The present invention provides an automatic control system for reproduction of master parts without requiring continuous monitoring by an operator and assures that the replacement part (i.e., the workpiece) is substantially identical to the master part.
The system of the present invention accomplishes its objective by providing a gauge with a transducer providing control signals representative of dimension changes from a reference location. These control signals are applied to a control circuit which compares these signals with signals from a transducer in an adjustable tool block also set to the reference dimension. As a master part is gauged, dimensional changes from the reference location provide control output signals which are employed to actuate an adustable tool block drive motor to adjust the machine for machining a workpiece to correspond to the dimensions of the master part.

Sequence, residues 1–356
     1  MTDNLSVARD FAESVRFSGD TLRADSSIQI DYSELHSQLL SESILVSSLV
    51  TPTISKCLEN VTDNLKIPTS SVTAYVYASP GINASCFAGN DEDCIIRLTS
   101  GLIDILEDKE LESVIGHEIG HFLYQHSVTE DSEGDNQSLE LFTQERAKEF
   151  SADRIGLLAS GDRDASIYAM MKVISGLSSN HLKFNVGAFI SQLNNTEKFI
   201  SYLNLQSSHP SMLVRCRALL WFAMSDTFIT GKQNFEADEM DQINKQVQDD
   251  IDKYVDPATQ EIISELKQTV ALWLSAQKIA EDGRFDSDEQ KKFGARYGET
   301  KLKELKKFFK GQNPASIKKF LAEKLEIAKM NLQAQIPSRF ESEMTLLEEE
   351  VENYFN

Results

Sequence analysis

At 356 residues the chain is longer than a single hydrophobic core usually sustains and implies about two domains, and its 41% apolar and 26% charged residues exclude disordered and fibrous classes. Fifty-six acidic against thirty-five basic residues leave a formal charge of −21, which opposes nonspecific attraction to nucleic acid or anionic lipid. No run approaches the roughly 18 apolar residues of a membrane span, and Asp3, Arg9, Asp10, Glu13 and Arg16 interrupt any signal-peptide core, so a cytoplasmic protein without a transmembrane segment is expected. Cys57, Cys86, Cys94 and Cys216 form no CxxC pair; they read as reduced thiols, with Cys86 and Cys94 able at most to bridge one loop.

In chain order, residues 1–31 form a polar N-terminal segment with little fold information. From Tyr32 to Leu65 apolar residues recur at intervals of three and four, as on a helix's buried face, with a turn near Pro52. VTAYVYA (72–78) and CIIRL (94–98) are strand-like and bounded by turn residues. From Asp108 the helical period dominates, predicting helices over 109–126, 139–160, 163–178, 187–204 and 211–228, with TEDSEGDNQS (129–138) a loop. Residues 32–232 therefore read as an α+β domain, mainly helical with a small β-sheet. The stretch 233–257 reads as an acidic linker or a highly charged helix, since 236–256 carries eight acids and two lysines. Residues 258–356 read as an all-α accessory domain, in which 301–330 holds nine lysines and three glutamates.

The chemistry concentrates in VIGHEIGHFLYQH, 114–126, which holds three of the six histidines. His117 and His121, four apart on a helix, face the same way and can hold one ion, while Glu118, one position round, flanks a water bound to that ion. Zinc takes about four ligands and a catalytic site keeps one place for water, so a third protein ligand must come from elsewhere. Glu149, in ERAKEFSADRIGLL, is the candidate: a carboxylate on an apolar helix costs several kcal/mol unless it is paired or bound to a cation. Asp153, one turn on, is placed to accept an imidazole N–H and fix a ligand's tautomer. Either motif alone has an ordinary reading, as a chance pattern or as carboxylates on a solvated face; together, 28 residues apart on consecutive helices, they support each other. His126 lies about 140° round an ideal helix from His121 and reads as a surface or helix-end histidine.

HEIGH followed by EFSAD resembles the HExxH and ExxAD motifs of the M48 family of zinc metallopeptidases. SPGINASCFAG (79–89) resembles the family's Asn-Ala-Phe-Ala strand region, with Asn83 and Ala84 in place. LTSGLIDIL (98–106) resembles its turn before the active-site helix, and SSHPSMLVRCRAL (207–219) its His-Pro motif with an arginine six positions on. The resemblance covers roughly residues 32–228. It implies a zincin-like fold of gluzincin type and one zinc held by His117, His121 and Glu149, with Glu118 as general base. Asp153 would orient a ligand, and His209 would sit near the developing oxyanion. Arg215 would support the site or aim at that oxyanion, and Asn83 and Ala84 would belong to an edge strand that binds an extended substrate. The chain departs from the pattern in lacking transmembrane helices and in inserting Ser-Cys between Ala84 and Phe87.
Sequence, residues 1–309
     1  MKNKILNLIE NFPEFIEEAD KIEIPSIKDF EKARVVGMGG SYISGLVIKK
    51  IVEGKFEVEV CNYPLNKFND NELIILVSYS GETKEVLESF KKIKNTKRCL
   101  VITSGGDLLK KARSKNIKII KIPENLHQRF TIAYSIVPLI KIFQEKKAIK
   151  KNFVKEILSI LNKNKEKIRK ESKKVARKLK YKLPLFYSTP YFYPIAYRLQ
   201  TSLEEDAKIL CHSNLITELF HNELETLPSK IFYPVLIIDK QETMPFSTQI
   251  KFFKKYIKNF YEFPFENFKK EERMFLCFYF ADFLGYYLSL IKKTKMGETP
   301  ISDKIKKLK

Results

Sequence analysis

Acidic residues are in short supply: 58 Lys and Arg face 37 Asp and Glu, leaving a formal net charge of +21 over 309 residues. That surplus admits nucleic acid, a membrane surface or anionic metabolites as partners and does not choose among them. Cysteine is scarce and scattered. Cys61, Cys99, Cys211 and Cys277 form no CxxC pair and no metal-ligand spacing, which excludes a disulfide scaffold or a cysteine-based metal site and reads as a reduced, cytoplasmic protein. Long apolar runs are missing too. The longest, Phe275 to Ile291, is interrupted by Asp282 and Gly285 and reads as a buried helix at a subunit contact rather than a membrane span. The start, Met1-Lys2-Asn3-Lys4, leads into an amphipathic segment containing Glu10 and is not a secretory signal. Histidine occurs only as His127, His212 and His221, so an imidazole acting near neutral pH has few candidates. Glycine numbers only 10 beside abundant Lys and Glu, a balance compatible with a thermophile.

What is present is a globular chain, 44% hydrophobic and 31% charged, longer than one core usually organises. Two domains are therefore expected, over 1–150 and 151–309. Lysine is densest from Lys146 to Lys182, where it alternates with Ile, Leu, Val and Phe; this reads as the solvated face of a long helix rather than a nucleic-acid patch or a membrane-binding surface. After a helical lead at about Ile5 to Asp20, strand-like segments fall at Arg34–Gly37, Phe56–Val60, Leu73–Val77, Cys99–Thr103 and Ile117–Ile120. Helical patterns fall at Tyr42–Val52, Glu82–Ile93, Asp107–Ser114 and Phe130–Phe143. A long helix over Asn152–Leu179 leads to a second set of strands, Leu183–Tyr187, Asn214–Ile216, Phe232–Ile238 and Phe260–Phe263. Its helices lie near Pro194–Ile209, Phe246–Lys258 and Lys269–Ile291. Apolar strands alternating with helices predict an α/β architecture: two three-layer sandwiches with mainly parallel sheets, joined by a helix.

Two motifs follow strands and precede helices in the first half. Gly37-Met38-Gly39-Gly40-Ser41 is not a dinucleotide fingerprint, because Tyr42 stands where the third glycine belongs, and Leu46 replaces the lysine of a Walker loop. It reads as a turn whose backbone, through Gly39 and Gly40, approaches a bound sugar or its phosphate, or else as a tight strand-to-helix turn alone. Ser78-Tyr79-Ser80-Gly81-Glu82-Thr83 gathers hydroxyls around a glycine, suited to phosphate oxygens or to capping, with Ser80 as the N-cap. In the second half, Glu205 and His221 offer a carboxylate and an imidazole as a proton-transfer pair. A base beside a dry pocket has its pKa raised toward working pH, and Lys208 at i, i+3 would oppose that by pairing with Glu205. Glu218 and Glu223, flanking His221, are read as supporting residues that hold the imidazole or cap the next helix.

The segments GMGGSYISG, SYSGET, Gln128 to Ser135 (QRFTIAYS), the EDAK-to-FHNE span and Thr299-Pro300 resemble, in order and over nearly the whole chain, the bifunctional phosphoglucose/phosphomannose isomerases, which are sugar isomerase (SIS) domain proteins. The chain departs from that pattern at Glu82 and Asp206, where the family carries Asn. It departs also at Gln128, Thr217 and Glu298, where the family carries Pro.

The advantages, features, and objects of the present invention can best be understood by referring to the following description thereof, in which:
FIG. 1 is a diagram in block form of the present invention;
FIG. 2 is a perspective view of an adjustable tool block employed in connection with the present invention;
FIG. 3 is an electrical circuit diagram partly in schematic and block form of the present invention;
FIG. 4 is a voltage vave form diagram of control signals developed in the control circuit of the present invention; and
FIG. 5 is an electrical circuit diagram in block form of an alternative embodiment of the invention.